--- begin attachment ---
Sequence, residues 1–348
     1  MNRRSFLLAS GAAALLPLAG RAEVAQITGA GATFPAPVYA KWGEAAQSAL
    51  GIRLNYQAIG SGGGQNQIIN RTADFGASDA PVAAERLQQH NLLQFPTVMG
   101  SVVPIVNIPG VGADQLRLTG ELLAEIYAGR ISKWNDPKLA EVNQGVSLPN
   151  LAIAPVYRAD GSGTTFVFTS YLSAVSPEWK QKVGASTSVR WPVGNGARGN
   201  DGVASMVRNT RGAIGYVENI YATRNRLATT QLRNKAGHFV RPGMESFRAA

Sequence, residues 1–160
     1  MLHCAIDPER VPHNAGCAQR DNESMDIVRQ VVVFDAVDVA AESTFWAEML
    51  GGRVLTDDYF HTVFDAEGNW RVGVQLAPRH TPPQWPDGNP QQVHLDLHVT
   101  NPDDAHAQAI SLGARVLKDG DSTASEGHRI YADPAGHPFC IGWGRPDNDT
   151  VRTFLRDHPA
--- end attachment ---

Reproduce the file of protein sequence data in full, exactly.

Sequence, residues 1–348
     1  MNRRSFLLAS GAAALLPLAG RAEVAQITGA GATFPAPVYA KWGEAAQSAL
    51  GIRLNYQAIG SGGGQNQIIN RTADFGASDA PVAAERLQQH NLLQFPTVMG
   101  SVVPIVNIPG VGADQLRLTG ELLAEIYAGR ISKWNDPKLA EVNQGVSLPN
   151  LAIAPVYRAD GSGTTFVFTS YLSAVSPEWK QKVGASTSVR WPVGNGARGN
   201  DGVASMVRNT RGAIGYVENI YATRNRLATT QLRNKAGHFV RPGMESFRAA

Sequence, residues 1–160
     1  MLHCAIDPER VPHNAGCAQR DNESMDIVRQ VVVFDAVDVA AESTFWAEML
    51  GGRVLTDDYF HTVFDAEGNW RVGVQLAPRH TPPQWPDGNP QQVHLDLHVT
   101  NPDDAHAQAI SLGARVLKDG DSTASEGHRI YADPAGHPFC IGWGRPDNDT
   151  VRTFLRDHPA